Driver Careers and Training Classes – Heavy Haul School
Heavy Haul and Oversize Truck Drivers Training School
If you are looking for a career in the heavy haul industry, you will need some help. In this school, you will want to learn how to pull a flatbed or step-deck trailer if you can, but any trailer will work. Then you will have to get placed with a trucking company and get hours behind the wheel, with your first trailer option being a flatbed trailer. If you can’t find a trucking company that will put you on a flatbed or step-deck trailer from the get-go, do not get discouraged, as you can eventually migrate yourself to a company that will hire you as a flatbed or step-deck driver once you have the dry box or refrigerated trailer time under your belt. When working with flatbed or step-deck trailers, you may be required to do extra duties that may include:
- Chaining down shipments, so they don’t come off the trailer while in transit.
- Tarping and strapping down tarps for the shipment, so they are not exposed to the elements.
- Possibly waiting longer on backhauls depending on what geographic location you are sent to.
- Dealing with longer loading times while on the job.
This stuff is all part of the game while working your way up the ladder. It’s very physical, as tarps weigh hundreds of pounds and require you to climb over your shipment. Chains are heavy too, which will have to be used most of the time on shipments you are moving and will be used even more in heavy haul transport. So you want to make sure you are a physically fit person and capable of scaling a load with your body and securing it.
The Biggest in Heavy Hauling
Richard L. Krabbendam is a world-class leader and “heavy lift specialist” focusing primarily on super heavy transport with a specialized interest in Hydraulic Platform trailers. He conducts classes and seminars globally. He is currently teaching “Best Practices in Handling Heavy Lifts Safely.” You can view his schedule, watch videos, and obtain more information by visiting HeavyLiftSpecialists.com.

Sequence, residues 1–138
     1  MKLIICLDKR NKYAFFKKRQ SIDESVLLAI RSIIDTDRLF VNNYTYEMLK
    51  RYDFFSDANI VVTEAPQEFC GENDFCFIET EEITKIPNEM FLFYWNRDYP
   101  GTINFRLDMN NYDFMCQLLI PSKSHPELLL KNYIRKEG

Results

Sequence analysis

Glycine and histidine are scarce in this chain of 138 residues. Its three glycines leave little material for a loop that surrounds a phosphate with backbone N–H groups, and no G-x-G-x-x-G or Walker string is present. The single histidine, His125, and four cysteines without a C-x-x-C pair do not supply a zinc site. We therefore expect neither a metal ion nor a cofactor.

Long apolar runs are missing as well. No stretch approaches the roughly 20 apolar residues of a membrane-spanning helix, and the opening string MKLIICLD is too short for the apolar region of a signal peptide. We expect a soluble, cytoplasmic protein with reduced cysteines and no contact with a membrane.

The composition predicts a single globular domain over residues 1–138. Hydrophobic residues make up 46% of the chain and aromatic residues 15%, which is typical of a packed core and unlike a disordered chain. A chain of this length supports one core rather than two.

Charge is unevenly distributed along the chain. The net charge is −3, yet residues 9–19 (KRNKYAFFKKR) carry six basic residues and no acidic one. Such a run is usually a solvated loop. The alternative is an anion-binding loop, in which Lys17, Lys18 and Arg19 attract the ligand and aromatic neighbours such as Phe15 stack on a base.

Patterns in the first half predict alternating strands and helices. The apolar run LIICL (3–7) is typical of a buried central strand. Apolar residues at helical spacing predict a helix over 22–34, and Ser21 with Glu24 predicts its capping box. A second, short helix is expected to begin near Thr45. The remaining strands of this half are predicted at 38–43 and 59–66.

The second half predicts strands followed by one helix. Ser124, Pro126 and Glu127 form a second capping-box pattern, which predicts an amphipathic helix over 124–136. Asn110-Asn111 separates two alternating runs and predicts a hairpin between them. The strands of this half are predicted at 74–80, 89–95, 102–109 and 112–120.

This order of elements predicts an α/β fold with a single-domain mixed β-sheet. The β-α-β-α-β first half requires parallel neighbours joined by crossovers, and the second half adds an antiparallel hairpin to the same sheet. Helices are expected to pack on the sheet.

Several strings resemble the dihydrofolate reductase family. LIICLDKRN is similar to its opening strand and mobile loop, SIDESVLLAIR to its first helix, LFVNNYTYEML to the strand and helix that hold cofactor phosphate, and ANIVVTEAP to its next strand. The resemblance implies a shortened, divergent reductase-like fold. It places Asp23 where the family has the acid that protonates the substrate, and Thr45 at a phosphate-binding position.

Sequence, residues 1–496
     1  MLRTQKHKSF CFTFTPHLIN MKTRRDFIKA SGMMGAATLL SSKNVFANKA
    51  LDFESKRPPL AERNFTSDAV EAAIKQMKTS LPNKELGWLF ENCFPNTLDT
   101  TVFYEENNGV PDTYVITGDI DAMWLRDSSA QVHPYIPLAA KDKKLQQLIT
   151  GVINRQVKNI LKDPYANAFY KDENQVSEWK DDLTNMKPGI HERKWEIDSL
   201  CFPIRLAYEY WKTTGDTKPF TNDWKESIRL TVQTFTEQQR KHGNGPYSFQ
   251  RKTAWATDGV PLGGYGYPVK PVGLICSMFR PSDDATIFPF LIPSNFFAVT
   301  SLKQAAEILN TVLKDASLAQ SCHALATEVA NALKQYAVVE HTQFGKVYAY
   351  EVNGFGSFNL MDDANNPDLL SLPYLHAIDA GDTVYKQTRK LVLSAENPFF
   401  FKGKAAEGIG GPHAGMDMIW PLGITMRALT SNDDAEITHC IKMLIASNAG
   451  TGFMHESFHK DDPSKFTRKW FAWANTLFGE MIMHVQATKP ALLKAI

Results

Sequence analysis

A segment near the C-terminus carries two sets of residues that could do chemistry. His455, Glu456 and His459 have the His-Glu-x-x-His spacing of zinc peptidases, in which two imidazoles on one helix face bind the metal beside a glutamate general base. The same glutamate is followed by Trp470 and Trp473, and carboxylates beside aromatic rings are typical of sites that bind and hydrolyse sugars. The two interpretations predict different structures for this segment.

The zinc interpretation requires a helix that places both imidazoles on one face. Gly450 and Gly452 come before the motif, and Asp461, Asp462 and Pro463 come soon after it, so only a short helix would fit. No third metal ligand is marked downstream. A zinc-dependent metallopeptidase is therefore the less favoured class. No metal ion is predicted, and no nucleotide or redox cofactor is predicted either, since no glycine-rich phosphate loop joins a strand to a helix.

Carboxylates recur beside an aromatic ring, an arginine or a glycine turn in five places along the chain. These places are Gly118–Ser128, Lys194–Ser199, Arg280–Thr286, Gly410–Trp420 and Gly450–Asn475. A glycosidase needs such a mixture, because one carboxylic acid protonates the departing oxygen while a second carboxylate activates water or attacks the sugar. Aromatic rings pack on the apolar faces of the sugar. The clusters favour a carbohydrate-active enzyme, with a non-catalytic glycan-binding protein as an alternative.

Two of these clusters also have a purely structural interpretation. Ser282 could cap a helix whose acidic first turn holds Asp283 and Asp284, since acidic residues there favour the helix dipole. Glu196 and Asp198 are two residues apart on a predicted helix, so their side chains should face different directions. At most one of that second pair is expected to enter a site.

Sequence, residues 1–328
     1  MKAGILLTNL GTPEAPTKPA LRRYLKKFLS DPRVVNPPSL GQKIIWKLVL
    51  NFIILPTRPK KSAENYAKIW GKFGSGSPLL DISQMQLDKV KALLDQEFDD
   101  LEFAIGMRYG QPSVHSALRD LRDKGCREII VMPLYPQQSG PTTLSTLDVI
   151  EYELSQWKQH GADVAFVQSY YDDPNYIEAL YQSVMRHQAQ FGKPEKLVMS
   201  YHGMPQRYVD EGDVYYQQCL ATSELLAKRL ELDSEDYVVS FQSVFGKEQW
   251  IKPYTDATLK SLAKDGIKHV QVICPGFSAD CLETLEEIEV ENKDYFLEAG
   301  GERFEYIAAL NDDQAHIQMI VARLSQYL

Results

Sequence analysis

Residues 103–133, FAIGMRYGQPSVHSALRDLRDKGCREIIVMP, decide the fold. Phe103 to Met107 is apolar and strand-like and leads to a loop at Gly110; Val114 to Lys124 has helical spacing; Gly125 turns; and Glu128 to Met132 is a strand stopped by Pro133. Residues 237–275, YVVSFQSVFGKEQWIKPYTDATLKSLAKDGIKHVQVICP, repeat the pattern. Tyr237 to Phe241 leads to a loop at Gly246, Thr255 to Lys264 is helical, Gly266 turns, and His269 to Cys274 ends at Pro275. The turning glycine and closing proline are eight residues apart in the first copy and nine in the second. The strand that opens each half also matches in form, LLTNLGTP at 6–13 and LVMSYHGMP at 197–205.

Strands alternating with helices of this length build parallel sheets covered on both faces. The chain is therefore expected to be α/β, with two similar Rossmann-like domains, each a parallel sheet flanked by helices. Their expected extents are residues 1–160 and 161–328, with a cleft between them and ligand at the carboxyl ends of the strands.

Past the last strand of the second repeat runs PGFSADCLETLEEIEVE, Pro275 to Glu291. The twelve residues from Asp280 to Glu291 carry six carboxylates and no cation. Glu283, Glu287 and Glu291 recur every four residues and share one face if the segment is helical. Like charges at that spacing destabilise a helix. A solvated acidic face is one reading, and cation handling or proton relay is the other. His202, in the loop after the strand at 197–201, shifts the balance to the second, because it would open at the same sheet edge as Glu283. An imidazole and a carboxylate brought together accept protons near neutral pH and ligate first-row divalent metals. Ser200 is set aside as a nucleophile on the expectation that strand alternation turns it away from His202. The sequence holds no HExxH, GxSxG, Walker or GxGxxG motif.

A Career in Heavy Haul and Oversize Moving Can Go in Many Directions
We truly wish that we could say that we are your source for heavy haul truck driver training school, but we haven’t ever heard of one. Heavy haul and oversize trucking is learned one step at a time. You simply have to spend time behind the wheel of a semi-tractor with a trailer to get used to the turn radius of pulling a trailer that long first. Once you do that, you will be ready to pull something like a wide load. A 10′ wide load would be a good size, and work your way up a little wider as you go. Possibly look for a local job pulling mobile homes to start you off. Then working with a heavy haul load of around 80,000 lbs would be good, like moving heavy equipment for a local equipment company. These are the kinds of jobs that you need to get under your belt to qualify for a serious job in the heavy haul trucking industry. Think about some of the heavy generator moves or pictures you’ve seen. It takes many wheels and axles to support something that is even just 150,000 pounds, which means the trailer is extended. This means your turn radius will differ from a regular 48′ dry box, refrigerated trailer, or even a flat or a step. So if you are in a hurry to get behind the wheel of a heavy haul or oversize load, you need to pipe down because it will take some time. Time on the job, behind the wheel, and on the road. Also, consider the regulations, bridge formula, frost laws, pilot cars, and travel times. There is a lot to it.
This information shouldn’t discourage you from becoming a driver in this industry. It’s merely telling you the way it is. Check with the standard truck driving schools and ask them if they have a special division for drivers that want oversize, overweight, wide load, or heavy haul truck driver training. Ask them if they have an equipment hauling division in their school. Ask them what sort of programs they have that might help you get on the right track for a career in heavy haul and oversized load trucking.
Best wishes to you on your career path to becoming an OD or HH truck driver – if you like to drive and want a real challenge, there’s a good chance this is for you.
Interested in Becoming a Pilot Car Driver?
Pilot car and escort vehicle drivers are always needed, and in many geographic locations, our industry has shortages. This is an excellent time to get into this aspect of our industry. We sell a beginners’ guide that will teach you everything you need to know to start a company and eventually up and running. To learn more about this start-up guide, visit start your own pilot car company.